Simnikiwe Hlatshaneni
Premium Journalist
2 minute read
24 Oct 2018
6:30 am

We will sort out the land issue, Cyril tells SA envoys

Simnikiwe Hlatshaneni

The president admitted government was partially to blame for some of the socioeconomic issues, but 'the task is now to correct everything...'

FILE PHOTO: South African President Cyril Ramaphosa speaks in parliament in Cape Town, South Africa, February 20, 2018. Picture: REUTERS/ Sumaya Hisham/ File Photo

South Africa will create its own consensus on the land issue as it did in 1994, President Cyril Ramaphosa told the country’s envoys.

Briefing diplomats ahead of the SA Heads of Mission Conference in Pretoria yesterday, Ramaphosa briefly went off script to address land in the context of South Africa’s history and economic growth.

“The land reform process will take place in an orderly manner; in a way that advances the interests of all our people and not just a few,” he said.

South Africa would “build our own consensus” as the nation did at the dawn of democracy, under the leadership of Nelson Mandela.

“It will be a South African-made solution.”

Ramaphosa also admitted the government was partially to blame for some of the socioeconomic issues. The country has come a long way since 1994, but faced a particularly dark time over the past 10 years.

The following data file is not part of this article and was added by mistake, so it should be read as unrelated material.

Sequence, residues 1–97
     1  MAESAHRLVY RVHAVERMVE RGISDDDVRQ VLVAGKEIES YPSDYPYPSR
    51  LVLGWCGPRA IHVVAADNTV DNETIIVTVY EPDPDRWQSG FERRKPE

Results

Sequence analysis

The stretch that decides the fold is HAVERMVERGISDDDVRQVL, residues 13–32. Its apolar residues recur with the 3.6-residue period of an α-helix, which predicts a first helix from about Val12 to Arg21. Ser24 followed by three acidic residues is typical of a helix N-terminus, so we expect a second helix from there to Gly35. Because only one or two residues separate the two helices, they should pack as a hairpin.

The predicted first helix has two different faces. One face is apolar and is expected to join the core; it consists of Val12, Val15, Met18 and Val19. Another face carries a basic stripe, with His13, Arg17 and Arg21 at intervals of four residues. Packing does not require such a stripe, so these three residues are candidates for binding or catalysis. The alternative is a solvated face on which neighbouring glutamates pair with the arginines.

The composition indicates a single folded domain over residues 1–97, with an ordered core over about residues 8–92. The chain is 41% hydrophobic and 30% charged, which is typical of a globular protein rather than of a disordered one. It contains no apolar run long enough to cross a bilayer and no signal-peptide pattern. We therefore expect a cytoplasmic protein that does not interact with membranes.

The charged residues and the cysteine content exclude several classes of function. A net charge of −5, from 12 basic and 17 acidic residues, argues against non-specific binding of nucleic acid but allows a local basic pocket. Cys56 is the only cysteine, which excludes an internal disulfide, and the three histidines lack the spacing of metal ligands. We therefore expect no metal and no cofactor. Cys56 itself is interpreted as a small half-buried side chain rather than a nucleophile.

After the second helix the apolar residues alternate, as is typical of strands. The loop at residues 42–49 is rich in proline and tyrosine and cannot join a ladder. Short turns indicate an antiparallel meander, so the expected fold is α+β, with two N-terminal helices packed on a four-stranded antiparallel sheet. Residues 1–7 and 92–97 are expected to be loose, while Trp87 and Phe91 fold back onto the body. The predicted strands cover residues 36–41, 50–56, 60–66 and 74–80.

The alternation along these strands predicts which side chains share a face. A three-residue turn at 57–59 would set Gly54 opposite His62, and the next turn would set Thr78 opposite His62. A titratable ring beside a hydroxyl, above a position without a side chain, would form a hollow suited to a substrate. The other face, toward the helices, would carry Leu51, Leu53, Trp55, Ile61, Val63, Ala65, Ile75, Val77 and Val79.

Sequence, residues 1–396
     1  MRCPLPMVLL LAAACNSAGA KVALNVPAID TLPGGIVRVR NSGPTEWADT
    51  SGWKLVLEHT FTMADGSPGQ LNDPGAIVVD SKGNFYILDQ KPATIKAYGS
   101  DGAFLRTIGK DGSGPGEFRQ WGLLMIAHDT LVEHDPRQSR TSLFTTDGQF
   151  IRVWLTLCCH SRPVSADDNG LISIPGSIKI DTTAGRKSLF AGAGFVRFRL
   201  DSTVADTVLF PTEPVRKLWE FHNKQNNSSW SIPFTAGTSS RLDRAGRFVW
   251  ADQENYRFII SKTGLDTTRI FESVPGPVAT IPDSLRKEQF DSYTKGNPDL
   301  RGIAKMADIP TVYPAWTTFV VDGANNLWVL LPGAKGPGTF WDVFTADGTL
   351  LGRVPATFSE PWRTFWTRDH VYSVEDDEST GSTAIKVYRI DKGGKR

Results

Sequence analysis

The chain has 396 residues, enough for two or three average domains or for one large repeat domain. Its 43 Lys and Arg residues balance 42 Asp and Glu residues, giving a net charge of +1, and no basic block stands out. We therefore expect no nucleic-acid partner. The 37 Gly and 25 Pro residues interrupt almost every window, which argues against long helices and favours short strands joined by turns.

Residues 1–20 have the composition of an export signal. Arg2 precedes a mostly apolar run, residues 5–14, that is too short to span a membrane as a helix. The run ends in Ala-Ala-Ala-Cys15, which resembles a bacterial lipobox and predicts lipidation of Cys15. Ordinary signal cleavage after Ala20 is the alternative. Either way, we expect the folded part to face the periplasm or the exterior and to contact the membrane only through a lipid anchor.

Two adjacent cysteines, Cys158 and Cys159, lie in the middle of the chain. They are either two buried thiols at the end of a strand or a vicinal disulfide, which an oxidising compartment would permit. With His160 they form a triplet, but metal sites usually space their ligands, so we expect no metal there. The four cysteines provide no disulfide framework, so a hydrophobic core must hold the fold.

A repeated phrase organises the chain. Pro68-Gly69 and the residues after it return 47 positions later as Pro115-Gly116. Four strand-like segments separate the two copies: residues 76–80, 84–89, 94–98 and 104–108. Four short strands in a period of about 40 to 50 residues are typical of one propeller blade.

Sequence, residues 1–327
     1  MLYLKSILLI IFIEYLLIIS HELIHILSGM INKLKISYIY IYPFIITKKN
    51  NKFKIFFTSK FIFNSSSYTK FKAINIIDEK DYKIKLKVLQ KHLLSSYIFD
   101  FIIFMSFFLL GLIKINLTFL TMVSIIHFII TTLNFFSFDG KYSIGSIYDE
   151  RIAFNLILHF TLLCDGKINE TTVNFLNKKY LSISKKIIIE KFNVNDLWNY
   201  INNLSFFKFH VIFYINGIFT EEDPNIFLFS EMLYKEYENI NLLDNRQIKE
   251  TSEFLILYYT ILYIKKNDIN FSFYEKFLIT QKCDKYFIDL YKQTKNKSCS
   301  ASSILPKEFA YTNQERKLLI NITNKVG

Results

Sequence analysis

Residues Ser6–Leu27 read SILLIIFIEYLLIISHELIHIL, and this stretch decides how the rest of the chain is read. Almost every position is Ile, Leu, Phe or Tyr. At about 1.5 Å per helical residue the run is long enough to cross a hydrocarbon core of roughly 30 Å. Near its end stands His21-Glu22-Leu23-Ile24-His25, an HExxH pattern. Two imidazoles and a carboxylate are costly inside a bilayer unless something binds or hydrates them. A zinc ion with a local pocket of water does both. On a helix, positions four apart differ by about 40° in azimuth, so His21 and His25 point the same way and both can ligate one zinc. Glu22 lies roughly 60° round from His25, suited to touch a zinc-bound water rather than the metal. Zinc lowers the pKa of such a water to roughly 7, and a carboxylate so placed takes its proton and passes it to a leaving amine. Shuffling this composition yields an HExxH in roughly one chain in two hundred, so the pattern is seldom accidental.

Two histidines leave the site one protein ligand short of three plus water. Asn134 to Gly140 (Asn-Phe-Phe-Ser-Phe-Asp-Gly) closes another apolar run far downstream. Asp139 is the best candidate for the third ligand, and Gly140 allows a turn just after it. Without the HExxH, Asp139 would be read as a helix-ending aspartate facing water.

The effects of the past were still evident in the widespread poverty and inequality, he said.

“We are becoming more alive to what we have done in terms of our own mistakes and missteps. And the task is now to correct everything that has been done wrong.”

Against the backdrop of calls for South Africa to distance itself from Saudi Arabia after the murder of Saudi journalist Jamal Khashoggi in Turkey, Ramaphosa said South Africa was “not immune to tremors in the global economy or to shifts in geopolitics”.

“In the midst of global uncertainty, we are fortunate to have at the helm of our diplomatic service an experienced and capable corps of people who can be relied upon to steadfastly promote our progressive international agenda.”

On corruption and South Africa’s tainted international image, Ramaphosa said it was also up to diplomats to address negative perceptions of the country.

“The governance and management of key state-owned enterprises is being overhauled to ensure they are held accountable to fulfil their economic and developmental mandates,” Ramaphosa said.

“Our ability to generate foreign investment depends in large measure on the image of SA abroad, which is one of the core responsibilities of our diplomats.”

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